"Although only a small subset of patients in clinical trials had baseline scores of sufficient quality, the results from this first phase II trial with talazoparib demonstrated that in this patient population, talazoparib significantly improved quality of life. Talazoparib was associated with a marked improvement in patient-reported physical and social functioning, although its activity is currently limited by a short half-life, although long term toxicities have yet to be reported, therefore long term efficacy remains to be determined." - Anonymous Online Contributor
"Almost half of men with [prostate cancer](https://www.withpower.com/clinical-trials/prostate-cancer) had a Gleason score of 8 or higher, which corresponds to a 5-year survival rate after diagnosis of 20% with a 10-year survival rate at 3.2%. Although prostate cancer has a low survival rate after diagnosis, the long-term risks of prostate cancer are low compared with other cancers." - Anonymous Online Contributor
"Older men with LUTS and high likelihood of disease at presentation would benefit the most from a prostate-specific antigen screening program. These cohorts should be counseled, counseled, and referred to the Mayo Clinic for further evaluation. Physicians should consider offering them a clinical trial to determine whether prostate cancer is actually under control with a standard treatment regimen. For those men, the benefits of such a trial are not only in relieving the LUTS of the bladder but by giving the patients access to the best data available from the current literature regarding the specific, best-standard prostate cancer regimen that would provide longest life expectancy and minimize side-effects." - Anonymous Online Contributor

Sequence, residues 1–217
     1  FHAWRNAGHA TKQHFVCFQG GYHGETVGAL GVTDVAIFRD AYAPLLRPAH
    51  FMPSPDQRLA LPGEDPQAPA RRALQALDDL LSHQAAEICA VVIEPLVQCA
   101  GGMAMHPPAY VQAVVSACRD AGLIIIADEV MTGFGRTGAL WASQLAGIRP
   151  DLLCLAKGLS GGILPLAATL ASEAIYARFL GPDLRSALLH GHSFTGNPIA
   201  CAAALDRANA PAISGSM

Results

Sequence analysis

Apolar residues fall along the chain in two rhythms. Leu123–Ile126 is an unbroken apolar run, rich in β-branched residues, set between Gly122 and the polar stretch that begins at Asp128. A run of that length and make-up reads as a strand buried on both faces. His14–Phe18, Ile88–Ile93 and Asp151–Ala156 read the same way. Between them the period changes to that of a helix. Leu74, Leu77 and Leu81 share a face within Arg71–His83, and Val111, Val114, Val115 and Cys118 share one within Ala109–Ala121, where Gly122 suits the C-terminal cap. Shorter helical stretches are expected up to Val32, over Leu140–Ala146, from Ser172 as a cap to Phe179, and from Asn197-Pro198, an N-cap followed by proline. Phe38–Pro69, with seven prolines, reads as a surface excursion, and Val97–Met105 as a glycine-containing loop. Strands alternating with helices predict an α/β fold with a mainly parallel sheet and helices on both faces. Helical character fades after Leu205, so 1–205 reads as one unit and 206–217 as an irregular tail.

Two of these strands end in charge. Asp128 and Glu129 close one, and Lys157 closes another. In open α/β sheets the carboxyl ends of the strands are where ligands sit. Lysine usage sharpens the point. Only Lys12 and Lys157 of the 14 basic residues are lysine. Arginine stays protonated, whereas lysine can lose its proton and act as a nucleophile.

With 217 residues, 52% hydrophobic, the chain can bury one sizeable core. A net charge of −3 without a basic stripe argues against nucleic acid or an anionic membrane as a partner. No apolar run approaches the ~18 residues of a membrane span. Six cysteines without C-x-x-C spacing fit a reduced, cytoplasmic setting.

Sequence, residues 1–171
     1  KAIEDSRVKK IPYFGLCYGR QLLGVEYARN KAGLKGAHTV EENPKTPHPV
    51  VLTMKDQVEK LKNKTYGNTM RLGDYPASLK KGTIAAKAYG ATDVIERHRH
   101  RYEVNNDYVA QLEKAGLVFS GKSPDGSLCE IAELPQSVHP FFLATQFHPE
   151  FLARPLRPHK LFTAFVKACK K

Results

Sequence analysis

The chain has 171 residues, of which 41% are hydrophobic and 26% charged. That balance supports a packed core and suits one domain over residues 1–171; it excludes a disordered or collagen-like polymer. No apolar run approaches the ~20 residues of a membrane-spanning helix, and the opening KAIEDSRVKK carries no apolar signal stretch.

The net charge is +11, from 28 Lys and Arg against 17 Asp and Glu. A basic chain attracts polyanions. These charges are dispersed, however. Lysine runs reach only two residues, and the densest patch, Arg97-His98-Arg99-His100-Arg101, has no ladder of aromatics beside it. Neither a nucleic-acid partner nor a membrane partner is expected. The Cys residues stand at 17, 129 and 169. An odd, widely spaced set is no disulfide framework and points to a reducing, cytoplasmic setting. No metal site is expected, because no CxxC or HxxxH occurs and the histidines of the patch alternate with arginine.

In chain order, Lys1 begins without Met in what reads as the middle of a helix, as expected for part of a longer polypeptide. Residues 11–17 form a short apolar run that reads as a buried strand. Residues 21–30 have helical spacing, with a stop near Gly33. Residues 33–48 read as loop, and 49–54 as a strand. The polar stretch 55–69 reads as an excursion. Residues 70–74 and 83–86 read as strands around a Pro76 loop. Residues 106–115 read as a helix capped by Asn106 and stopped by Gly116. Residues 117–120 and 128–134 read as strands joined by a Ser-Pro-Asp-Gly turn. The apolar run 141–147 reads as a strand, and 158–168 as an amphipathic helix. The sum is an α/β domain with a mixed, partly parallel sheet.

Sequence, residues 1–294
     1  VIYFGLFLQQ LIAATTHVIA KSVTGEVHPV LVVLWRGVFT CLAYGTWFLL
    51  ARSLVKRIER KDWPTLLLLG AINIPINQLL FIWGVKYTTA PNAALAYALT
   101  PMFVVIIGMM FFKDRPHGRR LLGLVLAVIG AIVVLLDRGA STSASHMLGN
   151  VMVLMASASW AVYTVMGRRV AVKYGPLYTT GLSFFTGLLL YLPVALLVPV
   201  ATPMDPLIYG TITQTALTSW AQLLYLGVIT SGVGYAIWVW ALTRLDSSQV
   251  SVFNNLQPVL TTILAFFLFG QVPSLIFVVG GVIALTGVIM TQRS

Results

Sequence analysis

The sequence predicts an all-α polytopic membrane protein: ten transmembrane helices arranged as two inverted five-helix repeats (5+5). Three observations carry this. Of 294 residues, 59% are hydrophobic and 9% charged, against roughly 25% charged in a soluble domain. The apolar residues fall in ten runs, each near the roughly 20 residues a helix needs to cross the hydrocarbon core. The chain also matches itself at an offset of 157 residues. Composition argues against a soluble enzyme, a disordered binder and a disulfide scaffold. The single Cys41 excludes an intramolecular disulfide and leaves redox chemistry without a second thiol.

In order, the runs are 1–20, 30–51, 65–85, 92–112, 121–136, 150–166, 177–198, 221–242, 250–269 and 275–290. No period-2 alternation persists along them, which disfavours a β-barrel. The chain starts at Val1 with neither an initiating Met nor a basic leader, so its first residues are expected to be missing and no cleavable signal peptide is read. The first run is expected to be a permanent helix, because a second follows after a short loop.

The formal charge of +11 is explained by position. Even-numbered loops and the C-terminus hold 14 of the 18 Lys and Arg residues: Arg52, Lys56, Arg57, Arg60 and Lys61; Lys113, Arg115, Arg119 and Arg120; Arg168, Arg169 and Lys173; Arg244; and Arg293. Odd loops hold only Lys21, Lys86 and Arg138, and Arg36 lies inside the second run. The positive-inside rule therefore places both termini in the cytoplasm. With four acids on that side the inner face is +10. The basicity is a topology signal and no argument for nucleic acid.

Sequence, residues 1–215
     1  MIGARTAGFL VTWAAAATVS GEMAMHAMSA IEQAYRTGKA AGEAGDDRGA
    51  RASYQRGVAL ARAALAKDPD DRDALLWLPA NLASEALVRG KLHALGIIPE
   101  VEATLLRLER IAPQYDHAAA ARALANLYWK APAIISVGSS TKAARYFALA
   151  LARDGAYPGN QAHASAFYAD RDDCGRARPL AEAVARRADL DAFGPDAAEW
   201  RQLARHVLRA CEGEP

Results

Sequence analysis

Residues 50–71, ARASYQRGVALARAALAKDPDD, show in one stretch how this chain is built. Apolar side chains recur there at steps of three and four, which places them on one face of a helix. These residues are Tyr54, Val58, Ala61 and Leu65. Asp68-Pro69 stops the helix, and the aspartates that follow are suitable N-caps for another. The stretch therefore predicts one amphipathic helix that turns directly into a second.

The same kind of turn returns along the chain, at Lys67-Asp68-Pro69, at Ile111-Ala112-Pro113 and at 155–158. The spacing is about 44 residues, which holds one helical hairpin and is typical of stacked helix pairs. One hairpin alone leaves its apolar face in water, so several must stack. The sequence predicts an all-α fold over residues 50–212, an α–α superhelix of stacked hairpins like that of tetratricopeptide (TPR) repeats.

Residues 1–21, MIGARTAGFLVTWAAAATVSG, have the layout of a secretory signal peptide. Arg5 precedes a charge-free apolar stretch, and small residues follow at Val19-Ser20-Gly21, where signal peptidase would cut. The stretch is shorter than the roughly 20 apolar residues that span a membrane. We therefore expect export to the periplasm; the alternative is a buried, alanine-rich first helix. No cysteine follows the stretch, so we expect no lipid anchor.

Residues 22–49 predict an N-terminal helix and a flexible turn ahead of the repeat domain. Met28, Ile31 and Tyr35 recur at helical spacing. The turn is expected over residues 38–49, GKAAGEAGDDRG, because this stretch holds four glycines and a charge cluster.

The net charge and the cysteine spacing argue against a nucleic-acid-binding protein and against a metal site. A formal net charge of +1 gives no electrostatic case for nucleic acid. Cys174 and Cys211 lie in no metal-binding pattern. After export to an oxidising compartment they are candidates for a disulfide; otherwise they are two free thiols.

"The risk of disease is not an independent variable. Risk of all [prostate cancer](https://www.withpower.com/clinical-trials/prostate-cancer)s was 1.9% on the basis of the best available study reports (Grundy, 1998; Leloup, 1999). Risk of any form of prostate cancer is not constant. The relative risk of aggressive cancer is higher in populations of higher rates of prostate-specific antigen-detect prostate cancer. The relative risk of low-grade cancer, in populations with lower rates of detection, is greater. The probability of developing any prostate cancer in a family member may increase if both parents were men, but increased awareness and screening may also account for the higher incidence of prostate cancer seen in families." - Anonymous Online Contributor
"Patients with progressive metastatic castration-refractory prostate cancer typically receive combination therapy with androgen axis targeting chemotherapy and/or the synthetic retinoid analog talazoparib in addition to androgen deprivation. The clinical experience gathered during multiple phase III trials of the above agents as second-line, salvage, and/or third-line chemotherapy for patients with castration resistant prostate cancer has led to a more accurate appreciation of their respective roles as therapy, and more nuanced application of these agents in the clinical setting." - Anonymous Online Contributor